New York

William Bollinger, Ralph Humphrey

Bykert Gallery

Two exhibitions of visual research, though at antipodal extremes, have been held consecutively at the Bykert Gallery. One is of soiling tenacity, the other of glowing hygeia. The first, that of William Bollinger, aligns this young artist with the broad wave of schmutzkunst which now threatens to inundate the next two seasons. This adhesion may seem startling at first as one regarded Bollinger as a confirmed member of the geometric Minimalist team, a view predicated on the narrow extrusions which brought Bollinger into prominence around 1966. The point to keep in mind is that Bollinger’s art, whatever its appearance, has always been intractable and its very fractiousness provides the key by which the present tossing of sweeping compound may be understood as part of a logical evolution. The early aluminum pieces, generally of a serialized structure, were eccentric by virtue of their extreme formats, at once terribly long and very narrow, akin in appearance to aluminum moldings.

After these pieces, which seem classically hard and serene in retrospect, one was struck, at the end of 1967, by sculptures composed of long aluminum pipes and sockets in jerky tong-like formations. These strong units adumbrated issues more tangibly connected with Bollinger’s present scatterings because their chop-sticky forms, which opened and lumbered across the gallery floor, were in great measure permutable, even to the degree that they could be drawn out straight along a single axis. These works were followed by structures laid out of buckling cyclone fencing. Since the rectangle of the tumbled fencing provided an alterable field, these works set the model for the more picturesque and terrestrially allusive sense of the present installation. The floor of the front gallery was divided into two areas, one of which was covered in powdered graphite, an industrial lubricant, and the other half was left bare. The medium—loosely spread and liable to disruption by gusts of wind and incautious footprints—was also the material out of which a set of drawings were smudged in a non-focused grey aeration across the surface of drawing paper. The image was both earthen and cosmic and in this respect made one aware of the single contemporary issue so far which might be said to derive from Dubuffet. I refer to the Texturologies.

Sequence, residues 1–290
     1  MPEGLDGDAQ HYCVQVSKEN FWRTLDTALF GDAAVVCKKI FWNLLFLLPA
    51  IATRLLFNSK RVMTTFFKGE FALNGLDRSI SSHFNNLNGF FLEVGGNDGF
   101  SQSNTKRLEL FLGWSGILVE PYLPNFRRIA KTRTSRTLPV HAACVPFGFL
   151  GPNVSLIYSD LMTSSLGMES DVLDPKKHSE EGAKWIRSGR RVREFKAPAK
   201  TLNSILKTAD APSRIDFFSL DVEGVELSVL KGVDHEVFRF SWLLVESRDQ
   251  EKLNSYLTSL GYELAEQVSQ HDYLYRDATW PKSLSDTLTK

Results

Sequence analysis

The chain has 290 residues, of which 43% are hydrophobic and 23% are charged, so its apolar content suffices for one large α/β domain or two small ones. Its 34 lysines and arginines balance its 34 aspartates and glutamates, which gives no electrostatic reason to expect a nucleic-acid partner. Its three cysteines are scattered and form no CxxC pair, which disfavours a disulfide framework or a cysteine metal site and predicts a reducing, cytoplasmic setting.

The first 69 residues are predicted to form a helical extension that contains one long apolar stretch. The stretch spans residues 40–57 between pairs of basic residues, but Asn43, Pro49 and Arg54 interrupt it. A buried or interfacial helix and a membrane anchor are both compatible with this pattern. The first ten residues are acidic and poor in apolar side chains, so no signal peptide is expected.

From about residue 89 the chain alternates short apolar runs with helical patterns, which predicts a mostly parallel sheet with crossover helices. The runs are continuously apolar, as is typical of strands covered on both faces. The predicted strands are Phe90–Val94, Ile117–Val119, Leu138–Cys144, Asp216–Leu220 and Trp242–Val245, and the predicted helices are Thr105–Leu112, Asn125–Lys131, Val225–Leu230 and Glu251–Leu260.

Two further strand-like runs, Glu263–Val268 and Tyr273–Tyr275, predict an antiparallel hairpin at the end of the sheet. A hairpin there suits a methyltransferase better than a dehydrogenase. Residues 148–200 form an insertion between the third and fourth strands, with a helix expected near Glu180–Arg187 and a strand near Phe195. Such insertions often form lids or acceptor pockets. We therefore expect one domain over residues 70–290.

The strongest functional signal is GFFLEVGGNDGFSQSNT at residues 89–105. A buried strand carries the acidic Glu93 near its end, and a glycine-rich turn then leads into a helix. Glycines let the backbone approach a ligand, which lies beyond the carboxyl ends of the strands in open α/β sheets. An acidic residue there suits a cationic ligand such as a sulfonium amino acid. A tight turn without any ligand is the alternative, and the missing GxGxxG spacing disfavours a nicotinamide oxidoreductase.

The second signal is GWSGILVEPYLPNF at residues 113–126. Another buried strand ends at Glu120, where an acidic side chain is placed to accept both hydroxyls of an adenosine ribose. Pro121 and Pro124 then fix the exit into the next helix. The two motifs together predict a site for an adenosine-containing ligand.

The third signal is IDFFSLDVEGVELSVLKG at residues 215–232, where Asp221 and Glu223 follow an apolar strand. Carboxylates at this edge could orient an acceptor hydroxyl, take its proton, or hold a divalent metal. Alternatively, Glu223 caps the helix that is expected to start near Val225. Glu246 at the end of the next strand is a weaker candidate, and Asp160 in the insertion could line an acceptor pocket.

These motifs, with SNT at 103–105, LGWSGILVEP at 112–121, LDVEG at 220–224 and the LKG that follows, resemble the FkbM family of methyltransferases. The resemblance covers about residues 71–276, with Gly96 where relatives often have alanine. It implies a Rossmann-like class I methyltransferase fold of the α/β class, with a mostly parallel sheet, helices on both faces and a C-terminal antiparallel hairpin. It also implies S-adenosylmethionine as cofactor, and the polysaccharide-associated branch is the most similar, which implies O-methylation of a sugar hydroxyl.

The large middle gallery was covered with green sawdust, spread over a ground of spattered grey paint. One tends to relate the resulting colorism to field painting and to Pollock. It may also be viewed as descending from Monet after 1890, perhaps less so in Bollinger’s work than in the distributions of Alan Saret, with whom Bollinger’s present considerations must inevitably be allied. There was one clue in the exhibition which struck a false note. Hovering above the bestrewn floor was a large circular smudge of graphite on the wall. The floor then became literal earth and the disc, however fuzzy and in the wall, became a black sun, that is, a millennial symbol. Certainly symbolic imputations such as that of the Last Judgment were as far removed from Bollinger’s intentions as possible. But still it hung there, hovering at the horizon above a gritty, scattered earth. There were four corners and the earth was flat.

By contrast, Ralph Humphrey creates a luminous cosmos of fragile exhalations, painted on large squares or horizontal rectangles, softly turned at the corner and curved back into the stretcher. Humphrey has come to deal more and more in a Rococo world of sprayed color––angelic pinks, silken yellows, dusty chartreuses. The colors, one might say “atmospheres,” deftly play about loosely aligned linear configurations of a quasi-parallel nature, though the lines are hardly arithmetically parallel in their flow. The wavy lines are also comparatively few and open rather than bunched. They pulsate, slightly thickening and thinning in response to changing “respiratory” pressures. The lines determine the densest plane (by implication) of the canvas as they move through the sprayed atmospheres. Without wishing to suggest that these images are in any sense associational, the color takes on at times an insect like dustiness, a caterpillar like shrillness or even a fire-fly glowing, which at once is both luminous and cool. The result is lovely and prophylactic, though I wonder, granting the development in Humphrey’s work away from a geometric focus, whether the wavy lines will in the future remain a structural necessity.

Robert Pincus-Witten